Called “the guardian of the waterfront,” the Edward M. Daly was Buffalo’s police boat from 1921 to 1936.
The craft was named after a Buffalo patrolman who enlisted in the Navy during World War I. He was lost at sea when German U-boats torpedoed the transport ship USS President Lincoln off the Irish coast in 1918.
More than 2,000 spectators were on hand, and Daly’s parents were guests of honor as the 60-horsepower motorboat was christened in August 1921 as a replacement for the old police steamboat “Grover Cleveland.”
The Daly was stationed at various times at the foot of Ferry Street or the foot of Amherst Street, and one of its primary tasks was watching the international border for motorboats trying to smuggle rum and ale into the United States during Prohibition.
In 1930, Patrolmen Timothy J. Meegan, James McCarthy, Thomas J. Thompson and John Galvin were among the 10 officers assigned to the Daly.
With a gasoline engine and wooden construction, the Daly’s top speed of 11 miles an hour made it obsolete by 1936 when Commissioner James Higgins sold it for $415, with the proceeds going toward the purchase of a newer, faster boat — to be used only when needed, not on regular patrol.
Western Auto began as a catalog concern in 1909 — selling to the niche “horseless carriage” market. As cars became more popular, so did Western Auto, which began operating storefronts as well as the catalog.
Buffalo News archives
The 1940 fire at Buffalo’s Western Auto caused $65,000 in damage, but allowed the store to be modernized in a rebuild. When opened at Main and Tupper in 1928, it was one of 46 Western Auto stores.
Buffalo Stories archives
But as the Number 9 Parkside Zoo Peter Witt street car ambled along the tracks of Main Street heading for the DL&W Terminal at the foot of Main Street, the store was one of 250. By the 1950s, car parts were taking a back seat to an array of items meant to capture the imaginations of men and boys, as Western Auto was carrying a wide range of products beyond car parts and accessories.
This isn’t the first time this intersection has been featured in the BN Chronicles. In 1981, the Ansonia Building at Main and Tupper was being considered for a $500,000 facelift with the thought that locations along the coming MetroRail route would be increasing in value.
Cops on the Chippewa beat today are looking for rowdy young people and underage drinking. It was a different world on Chippewa Street in 1977, when Franklin Station officers David Schweitzer and Larry Rammuno were walking the prostitute-filled streets of what was then Buffalo’s red-light district.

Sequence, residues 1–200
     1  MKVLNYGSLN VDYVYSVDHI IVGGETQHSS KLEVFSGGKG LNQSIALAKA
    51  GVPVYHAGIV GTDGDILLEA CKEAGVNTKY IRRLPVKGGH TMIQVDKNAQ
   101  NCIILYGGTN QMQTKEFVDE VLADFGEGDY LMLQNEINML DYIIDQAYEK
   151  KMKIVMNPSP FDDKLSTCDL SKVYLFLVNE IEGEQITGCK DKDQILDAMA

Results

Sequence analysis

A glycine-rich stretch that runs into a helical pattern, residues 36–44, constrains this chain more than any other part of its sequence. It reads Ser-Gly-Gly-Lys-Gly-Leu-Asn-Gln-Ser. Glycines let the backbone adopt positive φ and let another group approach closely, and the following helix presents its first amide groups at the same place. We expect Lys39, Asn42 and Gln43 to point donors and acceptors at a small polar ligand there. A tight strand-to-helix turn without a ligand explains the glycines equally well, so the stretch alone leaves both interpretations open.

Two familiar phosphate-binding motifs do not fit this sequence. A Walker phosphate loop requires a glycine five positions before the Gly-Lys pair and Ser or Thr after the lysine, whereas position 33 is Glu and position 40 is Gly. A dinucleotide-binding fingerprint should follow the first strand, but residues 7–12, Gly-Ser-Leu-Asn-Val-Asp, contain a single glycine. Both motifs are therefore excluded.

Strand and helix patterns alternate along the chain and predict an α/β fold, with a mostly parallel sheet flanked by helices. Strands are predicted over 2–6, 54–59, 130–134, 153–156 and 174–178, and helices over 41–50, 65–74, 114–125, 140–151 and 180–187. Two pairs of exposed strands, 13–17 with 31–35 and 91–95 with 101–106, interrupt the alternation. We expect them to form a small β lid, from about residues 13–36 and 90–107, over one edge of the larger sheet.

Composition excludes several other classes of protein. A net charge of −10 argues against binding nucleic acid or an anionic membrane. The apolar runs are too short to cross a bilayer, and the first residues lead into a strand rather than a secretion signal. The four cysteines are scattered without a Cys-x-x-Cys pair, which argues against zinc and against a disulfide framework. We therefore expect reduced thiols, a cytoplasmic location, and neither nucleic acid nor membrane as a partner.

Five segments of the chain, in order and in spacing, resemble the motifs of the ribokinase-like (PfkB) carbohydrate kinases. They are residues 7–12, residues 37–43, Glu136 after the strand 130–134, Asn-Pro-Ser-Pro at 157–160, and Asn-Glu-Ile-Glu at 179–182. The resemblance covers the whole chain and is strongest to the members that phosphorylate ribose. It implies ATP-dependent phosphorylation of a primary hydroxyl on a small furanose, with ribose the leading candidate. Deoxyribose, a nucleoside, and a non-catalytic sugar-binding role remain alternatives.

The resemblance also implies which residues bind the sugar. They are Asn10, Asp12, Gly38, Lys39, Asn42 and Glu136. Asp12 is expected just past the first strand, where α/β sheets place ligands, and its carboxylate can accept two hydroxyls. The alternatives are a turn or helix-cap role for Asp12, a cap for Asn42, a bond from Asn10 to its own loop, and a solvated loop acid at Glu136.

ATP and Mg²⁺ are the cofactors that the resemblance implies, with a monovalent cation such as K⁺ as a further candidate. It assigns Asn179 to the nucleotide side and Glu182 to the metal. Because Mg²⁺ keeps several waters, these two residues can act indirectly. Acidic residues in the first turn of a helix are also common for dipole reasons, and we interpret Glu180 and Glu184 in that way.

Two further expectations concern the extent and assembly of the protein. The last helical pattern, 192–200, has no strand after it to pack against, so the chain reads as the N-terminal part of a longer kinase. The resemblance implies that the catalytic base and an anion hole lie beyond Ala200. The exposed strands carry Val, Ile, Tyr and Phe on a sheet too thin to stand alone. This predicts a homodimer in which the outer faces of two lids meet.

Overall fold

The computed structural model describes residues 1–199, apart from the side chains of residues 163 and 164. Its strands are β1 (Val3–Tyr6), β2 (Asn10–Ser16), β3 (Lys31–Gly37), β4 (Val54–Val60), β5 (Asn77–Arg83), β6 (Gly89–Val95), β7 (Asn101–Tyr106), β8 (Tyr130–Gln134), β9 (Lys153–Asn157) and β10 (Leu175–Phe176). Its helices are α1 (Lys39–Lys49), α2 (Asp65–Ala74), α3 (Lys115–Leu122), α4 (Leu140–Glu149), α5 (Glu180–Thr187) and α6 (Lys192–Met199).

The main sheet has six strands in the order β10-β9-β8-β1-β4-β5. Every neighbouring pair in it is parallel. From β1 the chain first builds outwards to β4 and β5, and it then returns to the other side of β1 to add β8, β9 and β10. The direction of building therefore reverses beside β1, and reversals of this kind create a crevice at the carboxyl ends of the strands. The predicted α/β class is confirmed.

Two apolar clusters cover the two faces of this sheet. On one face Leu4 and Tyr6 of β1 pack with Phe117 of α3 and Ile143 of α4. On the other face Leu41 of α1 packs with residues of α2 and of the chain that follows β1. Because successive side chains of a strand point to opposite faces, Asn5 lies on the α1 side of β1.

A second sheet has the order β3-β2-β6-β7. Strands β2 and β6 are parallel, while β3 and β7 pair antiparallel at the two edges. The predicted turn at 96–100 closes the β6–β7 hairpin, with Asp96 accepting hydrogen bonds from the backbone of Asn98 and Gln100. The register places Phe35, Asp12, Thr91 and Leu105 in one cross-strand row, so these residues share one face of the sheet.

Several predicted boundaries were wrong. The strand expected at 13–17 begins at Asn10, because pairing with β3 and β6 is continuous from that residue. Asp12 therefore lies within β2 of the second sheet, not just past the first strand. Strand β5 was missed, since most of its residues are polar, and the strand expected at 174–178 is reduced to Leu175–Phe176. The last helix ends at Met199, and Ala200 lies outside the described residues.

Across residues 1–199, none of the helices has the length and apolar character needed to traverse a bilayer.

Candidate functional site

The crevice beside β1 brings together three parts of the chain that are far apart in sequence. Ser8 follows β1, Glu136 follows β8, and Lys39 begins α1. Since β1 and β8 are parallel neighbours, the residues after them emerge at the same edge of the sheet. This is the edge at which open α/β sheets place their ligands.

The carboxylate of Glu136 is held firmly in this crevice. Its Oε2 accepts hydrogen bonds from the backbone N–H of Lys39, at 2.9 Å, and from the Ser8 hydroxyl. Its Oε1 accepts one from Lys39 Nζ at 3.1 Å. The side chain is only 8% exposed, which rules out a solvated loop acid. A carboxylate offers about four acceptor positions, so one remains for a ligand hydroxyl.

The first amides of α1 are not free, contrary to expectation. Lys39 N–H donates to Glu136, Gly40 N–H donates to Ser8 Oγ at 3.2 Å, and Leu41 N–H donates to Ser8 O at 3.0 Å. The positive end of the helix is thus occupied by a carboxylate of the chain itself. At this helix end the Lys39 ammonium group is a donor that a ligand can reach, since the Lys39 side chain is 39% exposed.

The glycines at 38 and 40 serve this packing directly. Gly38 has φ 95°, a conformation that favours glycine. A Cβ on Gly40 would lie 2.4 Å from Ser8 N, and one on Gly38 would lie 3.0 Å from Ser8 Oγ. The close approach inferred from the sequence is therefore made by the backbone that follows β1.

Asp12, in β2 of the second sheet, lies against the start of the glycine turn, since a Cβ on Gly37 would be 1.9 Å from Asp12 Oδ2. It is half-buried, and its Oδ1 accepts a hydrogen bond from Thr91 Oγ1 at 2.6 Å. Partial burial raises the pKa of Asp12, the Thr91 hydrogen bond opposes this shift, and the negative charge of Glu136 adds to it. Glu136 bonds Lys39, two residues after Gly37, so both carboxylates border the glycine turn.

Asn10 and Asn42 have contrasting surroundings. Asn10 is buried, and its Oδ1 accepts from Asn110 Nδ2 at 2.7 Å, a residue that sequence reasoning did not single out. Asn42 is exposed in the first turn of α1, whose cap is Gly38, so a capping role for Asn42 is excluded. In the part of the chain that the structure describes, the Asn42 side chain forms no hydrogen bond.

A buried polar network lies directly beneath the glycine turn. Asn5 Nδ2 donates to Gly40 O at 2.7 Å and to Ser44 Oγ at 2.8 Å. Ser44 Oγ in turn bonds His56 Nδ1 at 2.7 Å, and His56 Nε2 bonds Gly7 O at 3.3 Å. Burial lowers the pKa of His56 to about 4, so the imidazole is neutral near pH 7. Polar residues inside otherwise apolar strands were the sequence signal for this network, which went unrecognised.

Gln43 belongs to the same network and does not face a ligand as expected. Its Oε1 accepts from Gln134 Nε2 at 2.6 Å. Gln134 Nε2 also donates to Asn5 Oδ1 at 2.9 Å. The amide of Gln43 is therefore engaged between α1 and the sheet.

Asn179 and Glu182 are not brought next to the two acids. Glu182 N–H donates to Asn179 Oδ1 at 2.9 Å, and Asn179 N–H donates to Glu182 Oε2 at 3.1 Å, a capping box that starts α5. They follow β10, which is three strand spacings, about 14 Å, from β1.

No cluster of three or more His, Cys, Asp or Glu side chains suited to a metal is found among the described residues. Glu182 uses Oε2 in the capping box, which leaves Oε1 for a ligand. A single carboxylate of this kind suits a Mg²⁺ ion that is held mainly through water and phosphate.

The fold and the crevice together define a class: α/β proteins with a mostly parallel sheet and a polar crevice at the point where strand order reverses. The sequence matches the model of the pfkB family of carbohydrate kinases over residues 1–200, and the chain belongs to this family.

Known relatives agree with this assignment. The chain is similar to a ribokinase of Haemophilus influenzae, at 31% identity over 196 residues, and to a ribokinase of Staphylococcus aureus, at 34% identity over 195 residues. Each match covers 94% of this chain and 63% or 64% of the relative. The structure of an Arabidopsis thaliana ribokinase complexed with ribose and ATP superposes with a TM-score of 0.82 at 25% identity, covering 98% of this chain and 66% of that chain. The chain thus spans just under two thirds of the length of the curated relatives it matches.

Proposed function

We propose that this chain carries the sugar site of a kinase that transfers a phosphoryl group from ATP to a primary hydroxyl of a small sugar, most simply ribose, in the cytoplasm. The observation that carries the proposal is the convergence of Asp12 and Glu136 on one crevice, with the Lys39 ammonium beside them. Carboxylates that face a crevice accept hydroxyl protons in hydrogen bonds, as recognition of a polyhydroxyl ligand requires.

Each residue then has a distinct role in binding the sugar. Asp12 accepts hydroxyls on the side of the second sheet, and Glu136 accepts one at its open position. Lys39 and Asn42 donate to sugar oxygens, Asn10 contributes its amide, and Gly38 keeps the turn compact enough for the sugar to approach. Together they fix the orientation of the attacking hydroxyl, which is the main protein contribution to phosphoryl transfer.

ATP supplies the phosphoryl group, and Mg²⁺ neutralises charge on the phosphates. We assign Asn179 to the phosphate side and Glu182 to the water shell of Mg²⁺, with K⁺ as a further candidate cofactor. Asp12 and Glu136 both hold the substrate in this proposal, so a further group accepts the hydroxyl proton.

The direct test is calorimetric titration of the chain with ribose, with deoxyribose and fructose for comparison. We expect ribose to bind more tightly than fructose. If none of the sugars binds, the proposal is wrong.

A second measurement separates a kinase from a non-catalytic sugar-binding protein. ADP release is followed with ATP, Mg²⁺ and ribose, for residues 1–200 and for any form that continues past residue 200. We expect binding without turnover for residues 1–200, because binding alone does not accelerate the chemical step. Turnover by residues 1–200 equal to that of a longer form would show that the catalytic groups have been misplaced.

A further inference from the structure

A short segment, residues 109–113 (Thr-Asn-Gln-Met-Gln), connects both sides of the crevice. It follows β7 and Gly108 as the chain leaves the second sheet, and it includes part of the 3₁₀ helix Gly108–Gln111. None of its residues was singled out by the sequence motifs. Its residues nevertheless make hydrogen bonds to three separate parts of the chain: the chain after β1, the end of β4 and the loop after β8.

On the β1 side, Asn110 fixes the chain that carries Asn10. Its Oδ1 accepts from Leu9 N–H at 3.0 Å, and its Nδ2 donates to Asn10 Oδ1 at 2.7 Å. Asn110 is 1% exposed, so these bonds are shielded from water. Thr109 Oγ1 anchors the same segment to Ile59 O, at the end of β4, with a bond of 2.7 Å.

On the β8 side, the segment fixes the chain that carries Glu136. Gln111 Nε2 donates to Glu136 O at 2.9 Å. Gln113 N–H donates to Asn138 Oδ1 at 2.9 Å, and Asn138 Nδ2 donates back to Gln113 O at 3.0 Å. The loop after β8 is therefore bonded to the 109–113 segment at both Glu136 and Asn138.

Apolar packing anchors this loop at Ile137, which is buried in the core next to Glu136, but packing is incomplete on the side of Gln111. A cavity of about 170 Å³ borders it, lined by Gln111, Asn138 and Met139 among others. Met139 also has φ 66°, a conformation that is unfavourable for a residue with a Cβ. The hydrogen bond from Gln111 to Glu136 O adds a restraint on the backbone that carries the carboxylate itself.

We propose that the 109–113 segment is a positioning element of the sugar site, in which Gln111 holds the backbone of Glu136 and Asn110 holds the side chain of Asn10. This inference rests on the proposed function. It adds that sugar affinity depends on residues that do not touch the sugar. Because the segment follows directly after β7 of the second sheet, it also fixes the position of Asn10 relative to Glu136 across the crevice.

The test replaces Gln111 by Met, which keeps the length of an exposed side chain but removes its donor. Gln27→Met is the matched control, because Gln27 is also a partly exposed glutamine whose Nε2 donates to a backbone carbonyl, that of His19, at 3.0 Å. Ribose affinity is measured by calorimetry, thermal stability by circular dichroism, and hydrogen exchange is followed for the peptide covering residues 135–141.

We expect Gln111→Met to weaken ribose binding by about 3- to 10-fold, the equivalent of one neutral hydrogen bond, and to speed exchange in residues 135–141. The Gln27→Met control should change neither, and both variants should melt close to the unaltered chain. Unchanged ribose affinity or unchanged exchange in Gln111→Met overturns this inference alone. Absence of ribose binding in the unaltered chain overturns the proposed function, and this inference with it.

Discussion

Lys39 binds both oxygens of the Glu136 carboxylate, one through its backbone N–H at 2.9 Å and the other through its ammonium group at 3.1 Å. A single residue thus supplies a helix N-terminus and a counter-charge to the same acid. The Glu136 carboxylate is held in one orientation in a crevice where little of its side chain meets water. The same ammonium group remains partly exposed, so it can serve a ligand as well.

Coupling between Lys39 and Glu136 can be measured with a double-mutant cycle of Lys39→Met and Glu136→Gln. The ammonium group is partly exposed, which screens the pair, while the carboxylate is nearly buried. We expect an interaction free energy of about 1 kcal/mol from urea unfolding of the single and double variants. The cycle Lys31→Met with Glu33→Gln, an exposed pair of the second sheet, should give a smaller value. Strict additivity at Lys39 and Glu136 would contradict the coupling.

Buffalo News archives
The officers are standing in front of what was then — and is now — the Calumet Building. Today, Go Go Girls and the Chippewa Army & Navy Store have been replaced by Bacchus Wine Bar and Mighty Taco. Behind the officers, just out of frame, was the infamous Fisherman’s Wharf restaurant — now the site of Soho.
Across the street, other infamous gin mills and dance joints like House O’ Quinn and Cosy Bar are visible. These were rough places for real characters — a far cry from the sanitary Michelob Ultra atmosphere of Chippewa today.
Huge projectiles from stubby shotguns created formidable tear gas barrages in Centennial Park today as new equipment was demonstrated to police. Commissioner Glenn H. McClellan, Patrolman Walter Jabcuga and Lt. Alfred Sendker of the mounted squad examined equipment.
t’s the kind of photo op we don’t see as much anymore.
To promote a statewide bicycle safety campaign, Buffalo’s two top cops — City Police Commissioner James Cunningham (white belt) and Erie County Sheriff Kenneth Braun — hopped on a customized bike built for two and rode around Niagara Square.
In 1981, the Ansonia Building at Main and Tupper was being considered for a $500,000 facelift with the thought that locations along the coming MetroRail route would be increasing in value.
Buffalo News archives
When this photo was snapped, the officer parking his Dodge Coronet police car would have to hike a block or so south on Main Street to get to the Third Precinct house in the old Greyhound bus terminal. An officer parking there today would only have to walk to the opposite corner of Main and Tupper to the new B District headquarters building.
Traffic returned to the block several years ago, after decades of being an auto-free zone.